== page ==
The title of Much Ado About Nothing was originally a double-entendre. Elizabethans pronounced the word “nothing,” in the same way as the word “noting.” Both of these meanings are important. First, most of the action in the play is based on nothing. The drama is not based on actual events—actual things that have happened—but rather on mistaken perceptions: Hero is never really unfaithful, Hero is never really dead, Benedick and Beatrice do not really love each other (at first), and Don Pedro is not really courting Hero for himself. What really drives the action of the play is that characters are noting these nothings. The double-entendre of nothing/noting alludes to one of the major themes of the play, that perceptions, even wrong ones, can change reality. Noting nothing makes it something.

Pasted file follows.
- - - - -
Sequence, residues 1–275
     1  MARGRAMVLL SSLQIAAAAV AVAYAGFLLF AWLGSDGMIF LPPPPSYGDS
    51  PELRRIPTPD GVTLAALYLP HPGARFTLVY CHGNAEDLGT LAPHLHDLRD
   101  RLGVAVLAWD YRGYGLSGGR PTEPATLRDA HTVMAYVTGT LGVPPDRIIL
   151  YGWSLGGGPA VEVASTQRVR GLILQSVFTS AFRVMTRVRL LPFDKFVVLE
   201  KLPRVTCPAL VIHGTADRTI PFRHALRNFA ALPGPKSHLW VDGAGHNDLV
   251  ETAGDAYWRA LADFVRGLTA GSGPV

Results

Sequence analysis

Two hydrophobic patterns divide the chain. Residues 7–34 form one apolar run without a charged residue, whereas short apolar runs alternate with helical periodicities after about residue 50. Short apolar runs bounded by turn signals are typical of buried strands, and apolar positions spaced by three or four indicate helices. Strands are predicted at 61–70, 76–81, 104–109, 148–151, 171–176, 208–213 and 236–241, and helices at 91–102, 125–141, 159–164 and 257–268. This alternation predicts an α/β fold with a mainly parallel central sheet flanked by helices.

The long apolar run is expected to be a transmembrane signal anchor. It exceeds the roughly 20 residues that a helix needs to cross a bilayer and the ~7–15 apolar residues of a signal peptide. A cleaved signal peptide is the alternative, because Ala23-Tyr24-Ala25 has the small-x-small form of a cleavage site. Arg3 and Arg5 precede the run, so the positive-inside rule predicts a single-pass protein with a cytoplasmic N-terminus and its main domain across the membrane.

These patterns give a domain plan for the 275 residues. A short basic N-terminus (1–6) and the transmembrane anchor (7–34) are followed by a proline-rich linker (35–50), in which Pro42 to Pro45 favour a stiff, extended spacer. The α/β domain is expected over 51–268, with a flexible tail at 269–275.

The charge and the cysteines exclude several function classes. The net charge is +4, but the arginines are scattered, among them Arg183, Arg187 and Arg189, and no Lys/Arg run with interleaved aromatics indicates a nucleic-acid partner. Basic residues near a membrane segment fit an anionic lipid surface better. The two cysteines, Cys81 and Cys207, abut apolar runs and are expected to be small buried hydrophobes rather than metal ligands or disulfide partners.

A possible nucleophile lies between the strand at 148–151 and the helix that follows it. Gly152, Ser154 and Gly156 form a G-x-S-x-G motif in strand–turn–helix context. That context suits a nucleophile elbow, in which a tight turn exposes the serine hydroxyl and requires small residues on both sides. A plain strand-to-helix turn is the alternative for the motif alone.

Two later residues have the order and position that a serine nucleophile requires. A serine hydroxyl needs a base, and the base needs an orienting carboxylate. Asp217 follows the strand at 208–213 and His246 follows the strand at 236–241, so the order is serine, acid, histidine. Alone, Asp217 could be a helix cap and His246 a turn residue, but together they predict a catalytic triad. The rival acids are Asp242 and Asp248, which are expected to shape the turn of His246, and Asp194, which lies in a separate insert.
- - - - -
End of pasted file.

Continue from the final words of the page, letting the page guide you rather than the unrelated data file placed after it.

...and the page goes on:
Nothing Quotes in Much Ado About Nothing
The Much Ado About Nothing quotes below all refer to the symbol of Nothing. For each quote, you can also see the other characters and themes related to it (each theme is indicated by its own dot and icon, like this one: Note: all page numbers and citation info for the quotes below refer to the Simon & Schuster edition of Much Ado About Nothing published in 1995.).
Act 2, Scene 3 Quotes
“Note this before my notes; There’s not a note of mine that’s worth the noting.”
Nothing Symbol Timeline in Much Ado About Nothing
The timeline below shows where the symbol Nothing appears in Much Ado About Nothing. The colored dots and icons indicate which themes are associated with that appearance.
Act 2, Scene 3
...him. At Don Pedro’s urging, Balthazar plays some music. Before beginning to play, Balthazar says: “Note this before my notes; There’s not a note of mine that’s worth the noting.” (2.3.55)... (full context)